Cars can drive themselves. Our bodies can converse with ingestible sensors, alerting us to health issues long before we feel a single symptom. Companies are pouring millions into artificial intelligence, chatbots and machine learning. AI is one of the fastest growing and most exciting industries, and its influence is only getting bigger. To stay ahead of the curve, we should all be following AI’s leading creative minds on social media. Here are five of the most influential thinkers, doers and creatives in the field of AI that you can follow today on LinkedIn:
The Futurist: Brad Templeton
Templeton is founder of the world’s first-ever dot-com and an active advocate for cyberspace civil rights. As Chairman Emeritus of the Electronic Frontier Foundation, he is leading the charge to protect net neutrality, and he also finds time to advise the Google team developing self-driving cars; to advise Starship on delivery robots and to serve on the board of the Foresight Institute, a nonprofit focused on understanding how technology will impact the future. You can follow Brad on Twitter.
The CEO: Anita Schjoll Brede
Denmark’s Brede is CEO and Co-founder of Iris.ai, which Fast Company called one of the 10 most innovative artificial intelligence startups in 2017. Her company is democratizing and revolutionizing how humans connect with science, having created Project Aiur, an AI science assistant that can read and digest scientific knowledge through AI and blockchain technology. Aiur, they say, will become the world’s first AI researcher in the next 10 years. On her LinkedIn profile, Brede announces, “I sport a pink mohawk and am a bit of a unicorn. Don’t expect me to fit into your box.” Feel free to catch her on Linkedin.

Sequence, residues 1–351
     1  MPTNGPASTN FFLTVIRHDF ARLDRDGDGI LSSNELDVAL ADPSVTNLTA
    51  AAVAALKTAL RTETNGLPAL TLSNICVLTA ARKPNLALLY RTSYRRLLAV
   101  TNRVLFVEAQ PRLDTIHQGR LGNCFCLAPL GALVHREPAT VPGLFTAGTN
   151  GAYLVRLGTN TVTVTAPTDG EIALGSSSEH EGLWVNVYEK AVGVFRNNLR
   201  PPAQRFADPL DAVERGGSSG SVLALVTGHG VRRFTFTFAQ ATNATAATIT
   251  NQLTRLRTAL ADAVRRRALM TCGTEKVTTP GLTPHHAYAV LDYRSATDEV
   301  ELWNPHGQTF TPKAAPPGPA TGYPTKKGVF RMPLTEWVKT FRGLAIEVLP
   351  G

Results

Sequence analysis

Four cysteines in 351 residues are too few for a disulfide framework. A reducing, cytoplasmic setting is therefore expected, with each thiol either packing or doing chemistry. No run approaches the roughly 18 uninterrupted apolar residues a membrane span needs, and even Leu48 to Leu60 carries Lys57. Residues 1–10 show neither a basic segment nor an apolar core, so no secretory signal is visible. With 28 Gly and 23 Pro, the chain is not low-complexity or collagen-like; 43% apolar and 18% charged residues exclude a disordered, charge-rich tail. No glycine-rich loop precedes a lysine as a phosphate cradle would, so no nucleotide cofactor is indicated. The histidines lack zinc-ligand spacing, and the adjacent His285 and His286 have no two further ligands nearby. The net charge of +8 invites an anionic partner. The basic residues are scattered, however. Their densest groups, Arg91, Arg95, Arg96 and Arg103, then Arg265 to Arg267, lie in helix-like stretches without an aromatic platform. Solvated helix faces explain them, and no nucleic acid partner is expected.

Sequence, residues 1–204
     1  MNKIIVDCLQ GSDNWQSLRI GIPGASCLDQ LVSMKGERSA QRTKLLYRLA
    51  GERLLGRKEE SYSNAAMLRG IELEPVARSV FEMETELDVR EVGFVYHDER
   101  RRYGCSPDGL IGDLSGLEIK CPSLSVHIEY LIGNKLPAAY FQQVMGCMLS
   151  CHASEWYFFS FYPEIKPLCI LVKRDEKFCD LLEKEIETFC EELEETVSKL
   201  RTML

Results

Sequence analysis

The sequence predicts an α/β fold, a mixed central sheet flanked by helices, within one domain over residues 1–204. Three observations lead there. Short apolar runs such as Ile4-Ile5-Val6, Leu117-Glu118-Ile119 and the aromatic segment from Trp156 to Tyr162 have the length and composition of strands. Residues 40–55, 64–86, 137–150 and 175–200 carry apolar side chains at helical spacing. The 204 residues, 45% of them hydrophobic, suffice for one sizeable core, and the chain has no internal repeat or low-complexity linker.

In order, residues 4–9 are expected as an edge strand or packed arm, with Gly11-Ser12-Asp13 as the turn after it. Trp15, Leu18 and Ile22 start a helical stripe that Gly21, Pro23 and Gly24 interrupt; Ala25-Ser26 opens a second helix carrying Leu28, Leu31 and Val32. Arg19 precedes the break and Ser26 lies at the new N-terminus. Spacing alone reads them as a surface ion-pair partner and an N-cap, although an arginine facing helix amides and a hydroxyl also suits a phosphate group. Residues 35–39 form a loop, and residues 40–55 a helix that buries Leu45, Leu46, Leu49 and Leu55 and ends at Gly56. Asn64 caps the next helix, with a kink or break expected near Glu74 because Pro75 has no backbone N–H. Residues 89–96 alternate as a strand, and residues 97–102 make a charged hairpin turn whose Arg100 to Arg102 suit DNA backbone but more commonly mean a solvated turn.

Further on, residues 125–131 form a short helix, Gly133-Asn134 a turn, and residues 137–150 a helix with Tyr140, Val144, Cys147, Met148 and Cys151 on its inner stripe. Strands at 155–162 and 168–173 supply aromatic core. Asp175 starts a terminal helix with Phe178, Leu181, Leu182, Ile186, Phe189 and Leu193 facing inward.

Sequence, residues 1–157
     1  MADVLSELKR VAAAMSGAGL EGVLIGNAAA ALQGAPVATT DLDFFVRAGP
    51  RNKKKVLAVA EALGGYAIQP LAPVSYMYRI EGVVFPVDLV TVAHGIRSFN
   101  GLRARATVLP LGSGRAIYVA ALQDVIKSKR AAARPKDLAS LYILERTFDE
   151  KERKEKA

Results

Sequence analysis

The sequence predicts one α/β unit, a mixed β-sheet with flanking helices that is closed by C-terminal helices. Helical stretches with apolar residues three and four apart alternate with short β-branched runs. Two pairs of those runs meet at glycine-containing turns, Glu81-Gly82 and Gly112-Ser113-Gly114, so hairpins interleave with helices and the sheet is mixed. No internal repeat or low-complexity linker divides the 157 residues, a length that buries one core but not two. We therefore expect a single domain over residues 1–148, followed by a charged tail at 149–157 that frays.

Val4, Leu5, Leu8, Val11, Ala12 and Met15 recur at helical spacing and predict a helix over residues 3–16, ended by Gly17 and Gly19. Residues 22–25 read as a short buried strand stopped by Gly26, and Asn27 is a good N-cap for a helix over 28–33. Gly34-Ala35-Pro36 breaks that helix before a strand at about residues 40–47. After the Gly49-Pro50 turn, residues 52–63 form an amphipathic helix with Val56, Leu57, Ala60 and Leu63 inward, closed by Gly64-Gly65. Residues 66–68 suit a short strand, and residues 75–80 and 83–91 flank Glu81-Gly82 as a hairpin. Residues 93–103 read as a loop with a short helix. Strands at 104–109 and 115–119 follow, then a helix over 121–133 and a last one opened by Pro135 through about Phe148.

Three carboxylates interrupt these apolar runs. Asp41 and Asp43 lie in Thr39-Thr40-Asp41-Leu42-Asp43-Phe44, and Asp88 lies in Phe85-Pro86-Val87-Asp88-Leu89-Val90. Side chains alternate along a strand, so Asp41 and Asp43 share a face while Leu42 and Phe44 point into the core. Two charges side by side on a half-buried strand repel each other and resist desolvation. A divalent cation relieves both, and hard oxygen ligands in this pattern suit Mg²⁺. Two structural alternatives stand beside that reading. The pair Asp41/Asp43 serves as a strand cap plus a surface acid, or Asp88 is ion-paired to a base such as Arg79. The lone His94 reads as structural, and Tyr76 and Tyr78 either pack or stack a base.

The Inventor: Ray Kurzweil
Author, computer scientist, futurist and creator Ray Kurzweil has been at the forefront of AI developments for decades. His inventor resume reads like a condensed history of the greatest artificial intelligence breakthroughs of our age. Kurzweil is the dreamer and builder behind the first text-to-speech reading machine for the blind; the first omni-font optical character recognition; and the first large-vocabulary speech-recognition device to be commercially marketed.
But while Kurzweil laid the foundation for much of today’s in-home AI devices, he continues to serve as a pioneer in the field. He’s popularized the singularity concept — that idea that superintelligent machines will transform humanity — and in his current role at Google, he’s writing the code that will soon revolutionize how we all send emails. Check out Ray on his website.
The AI Scholar: Neil Jacobstein
Over at Singularity University, Neil Jacobstein chairs the Artificial Intelligence and Robotics Track, and he is also a Distinguished Visiting Scholar at Stanford’s Media X Program. He refuses to stay inside the ivory tower, though, regularly weighing in as consultant on AI research for companies including DARPA, NASA, GM, Boeing and beyond. Jacobstein is also an expert on nanotechnology, and regularly speaks and writes about the real-world implications of AI and robotics on business and human ethics. Find him on Singularity’s video feed on YouTube.
The Computer Scientist: Peter Norvig
Self-driving cars. Glasses offering augmented reality. Up next? Space elevators and robots — that is, if Peter Norvig, Google’s Director of Research, has anything to say about it. Norvig began his career as a mathematician, quickly found it easier to work on computers than on paper, and by the 1980s was writing theorems to tackle probability and uncertainty. His work in AI has its roots not in the early adopters of the 1970s and early 1980s, but in 18th-century theorems of English mathematician Thomas Bayes, and today he is still charging forward in data mining, education innovation and machine intelligence, all with a keen understanding of where we’ve come from as we zoom forward. Connect with him on LinkedIn.